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    The Gift That Keeps On Giving

    What do you give the person who seems to have everything? You give something that costs you little.

    What do you give the person who seems to have nothing? You give something that costs you much.

    That’s what Warren Buffett, Bill and Melinda Gates, and 65 other billionaires have decided to do. They’ve pledged to give half of their net worth to philanthropy.In June 2010, Buffet and Gates started the Giving Pledge where they challenge billionaires across the world to sign a pledge committing to give half of their money to charity during their lifetime. For Buffett, this focus on giving started when he was in his 20s studying wealthy industrialists such as John D. Rockefeller, Andrew Carnegie, and J. P. Morgan, and their prolific giving to science, arts and culture. (See Wall Street Journal article for more info.) Now that Buffett has long been established as a billionaire, he is doing the same. He and others are using their wealth to make a difference in every area of life across the world.They are leveraging the fruit of their talents to impact the world.They’ve realized that after a certain point, wealth and riches mean nothing if you can’t use it to help others who may be less fortunate.

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    Buffett and Gates’ initiative is admirable because they’ve made it a priority to lead others in giving. Specifically, they established themselves as ACEs, and you can do the same.

    Accountability – They challenged other billionaires to be accountable to each other on how they use their wealth. You can identify others who, like you, have an abundance of resources. This shouldn’t be hard, because like attracts like. The people who are your closest friends, with whom you have the most in common, probably have similar resources. Challenge them, hold them accountable to use those resources to make a difference in the lives of others who are less fortunate.

    Change – They believe that their wealth can create change for the good. What unfortunate situations seem to pierce your heart the most?  Is it poverty, sickness, children who lack the benefit of music, art or sports in their educational system? These issues weigh on your spirit for a reason; so that you can do something to make a difference in that arena, using your resources to bring about change.

    Expectation – They created an expectation that their giving makes a difference in the future of others. You too can expect that your gift will change the lives and environment of others. You can create your own self-fulfilling prophecy that you expect good results from your investment.

    Since very few of us are billionaires, does that mean that we can’t have an impact in the world?  Does that mean that we can’t use our comparably limited assets to help others?  We each have an abundance of resources in the form of our time, our talent or our treasures which we can give freely to others.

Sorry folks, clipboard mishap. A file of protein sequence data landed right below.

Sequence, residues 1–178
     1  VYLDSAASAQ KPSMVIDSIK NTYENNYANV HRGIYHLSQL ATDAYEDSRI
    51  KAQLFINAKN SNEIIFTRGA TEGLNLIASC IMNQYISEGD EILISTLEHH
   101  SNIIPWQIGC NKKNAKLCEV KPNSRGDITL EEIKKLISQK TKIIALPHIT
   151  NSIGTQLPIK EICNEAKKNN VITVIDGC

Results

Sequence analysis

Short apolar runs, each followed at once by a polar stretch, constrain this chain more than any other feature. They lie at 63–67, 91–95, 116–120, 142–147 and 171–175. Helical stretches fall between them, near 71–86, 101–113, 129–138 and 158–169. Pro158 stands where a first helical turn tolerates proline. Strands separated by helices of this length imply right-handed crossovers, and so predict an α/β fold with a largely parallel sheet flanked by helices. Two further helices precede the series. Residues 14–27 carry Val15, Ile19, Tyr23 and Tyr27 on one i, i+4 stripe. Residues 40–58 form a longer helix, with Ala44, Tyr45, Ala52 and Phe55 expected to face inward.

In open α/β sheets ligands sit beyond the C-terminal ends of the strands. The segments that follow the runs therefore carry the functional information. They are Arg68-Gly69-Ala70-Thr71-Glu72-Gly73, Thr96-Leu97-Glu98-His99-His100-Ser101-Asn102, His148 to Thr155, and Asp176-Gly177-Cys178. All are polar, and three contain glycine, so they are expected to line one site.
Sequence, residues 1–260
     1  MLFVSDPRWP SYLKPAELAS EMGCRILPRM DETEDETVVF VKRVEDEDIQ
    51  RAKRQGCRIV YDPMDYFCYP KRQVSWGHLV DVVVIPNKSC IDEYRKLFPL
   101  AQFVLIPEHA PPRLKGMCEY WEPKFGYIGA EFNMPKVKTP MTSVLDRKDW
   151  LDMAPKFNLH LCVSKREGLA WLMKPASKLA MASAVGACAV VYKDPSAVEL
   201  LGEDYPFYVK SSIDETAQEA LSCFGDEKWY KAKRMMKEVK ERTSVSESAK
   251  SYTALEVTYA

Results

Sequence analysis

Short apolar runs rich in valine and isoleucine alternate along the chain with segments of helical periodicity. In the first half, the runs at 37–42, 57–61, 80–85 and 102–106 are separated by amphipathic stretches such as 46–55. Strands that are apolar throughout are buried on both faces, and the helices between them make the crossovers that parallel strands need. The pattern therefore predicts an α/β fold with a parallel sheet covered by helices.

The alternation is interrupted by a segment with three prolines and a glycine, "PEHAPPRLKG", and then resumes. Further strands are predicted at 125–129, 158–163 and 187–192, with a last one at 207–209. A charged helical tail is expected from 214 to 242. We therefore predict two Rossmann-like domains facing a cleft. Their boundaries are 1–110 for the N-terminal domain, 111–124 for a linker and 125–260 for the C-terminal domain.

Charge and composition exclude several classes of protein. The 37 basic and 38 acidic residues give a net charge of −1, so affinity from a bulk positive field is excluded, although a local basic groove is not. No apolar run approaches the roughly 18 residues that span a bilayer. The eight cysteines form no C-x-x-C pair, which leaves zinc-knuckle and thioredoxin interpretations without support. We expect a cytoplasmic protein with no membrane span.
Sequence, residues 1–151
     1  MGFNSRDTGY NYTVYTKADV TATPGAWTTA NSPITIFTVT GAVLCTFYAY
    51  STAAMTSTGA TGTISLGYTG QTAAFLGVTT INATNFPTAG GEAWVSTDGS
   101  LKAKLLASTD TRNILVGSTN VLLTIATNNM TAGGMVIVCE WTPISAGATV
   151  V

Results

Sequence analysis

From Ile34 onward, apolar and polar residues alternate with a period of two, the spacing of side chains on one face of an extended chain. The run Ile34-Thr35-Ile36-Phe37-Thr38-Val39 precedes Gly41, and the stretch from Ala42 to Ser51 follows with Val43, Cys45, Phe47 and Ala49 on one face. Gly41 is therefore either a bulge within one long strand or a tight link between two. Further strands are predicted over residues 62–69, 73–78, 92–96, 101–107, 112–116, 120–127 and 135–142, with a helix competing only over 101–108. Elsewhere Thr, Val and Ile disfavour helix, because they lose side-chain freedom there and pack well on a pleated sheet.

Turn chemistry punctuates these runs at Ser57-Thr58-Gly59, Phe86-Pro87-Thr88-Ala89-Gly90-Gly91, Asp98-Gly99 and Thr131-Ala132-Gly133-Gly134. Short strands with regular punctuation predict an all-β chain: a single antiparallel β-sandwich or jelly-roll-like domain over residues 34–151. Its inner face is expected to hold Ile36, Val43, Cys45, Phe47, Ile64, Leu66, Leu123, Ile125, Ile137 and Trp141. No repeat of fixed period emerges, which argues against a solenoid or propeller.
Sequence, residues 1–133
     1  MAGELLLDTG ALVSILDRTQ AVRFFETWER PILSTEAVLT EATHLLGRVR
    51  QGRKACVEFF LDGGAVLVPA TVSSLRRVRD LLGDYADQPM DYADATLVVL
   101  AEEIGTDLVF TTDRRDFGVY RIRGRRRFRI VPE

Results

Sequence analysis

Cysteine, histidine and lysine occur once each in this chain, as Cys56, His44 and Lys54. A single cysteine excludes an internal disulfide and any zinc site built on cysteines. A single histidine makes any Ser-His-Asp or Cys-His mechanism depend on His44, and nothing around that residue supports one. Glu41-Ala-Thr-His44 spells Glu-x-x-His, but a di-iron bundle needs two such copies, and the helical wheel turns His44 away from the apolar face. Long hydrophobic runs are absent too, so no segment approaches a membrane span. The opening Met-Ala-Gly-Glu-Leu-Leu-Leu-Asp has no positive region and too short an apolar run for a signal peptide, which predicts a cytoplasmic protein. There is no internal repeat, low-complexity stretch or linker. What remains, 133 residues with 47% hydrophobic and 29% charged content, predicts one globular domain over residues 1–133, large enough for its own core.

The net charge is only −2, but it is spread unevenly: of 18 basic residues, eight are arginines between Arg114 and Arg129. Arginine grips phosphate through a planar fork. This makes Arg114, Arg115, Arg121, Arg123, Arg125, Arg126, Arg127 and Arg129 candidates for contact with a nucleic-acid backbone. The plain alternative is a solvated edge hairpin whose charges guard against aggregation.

• Our time represents what we value most.  Take a look at how a man or woman spends their time each day, and you’ll know what’s most important to them.
    • Our talent represents the abilities, skills and knowledge we possess that we can share with others. Freely sharing our talent will reduce expenses and costs to others.
    • Our treasure represents financial resources that we’ve earned or inherited that can fund the good works of others.

    One person’s time, another’s talent, and yet another’s treasures all working together are essential to improve the lives of people on every continent. So don’t wait for the government or someone else to allocate resources to a problem, or to make it a priority. Determine how you can make a difference. Determine how you can lead others to give extraordinary things in extraordinary ways.

    “We have a choice. We can make our kids billionaires and it will ruin them. Or we can realize how blessed we are and try to spread those blessings around. My view has always been that success unshared is failure.”John Paul DeJoria, founder of the Paul Mitchell hair-products empire who grew up homeless. (The Biggest Gift In The World, WSJ Magazine, November 2011, p. 104)

    “But this I say, He which soweth sparingly shall reap also sparingly; and he which soweth bountifully shall reap also bountifully. Every man according as he purposeth in his heart, so let him give; not grudgingly, or of necessity; for God loveth a cheerful giver. And God is able to make all grace abound toward you; that ye, always having all sufficiency in all things, may abound to every good work.”(2 Corinthians 9:6-8) King James Study Bible

    Copyright 2011 Priscilla Archangel

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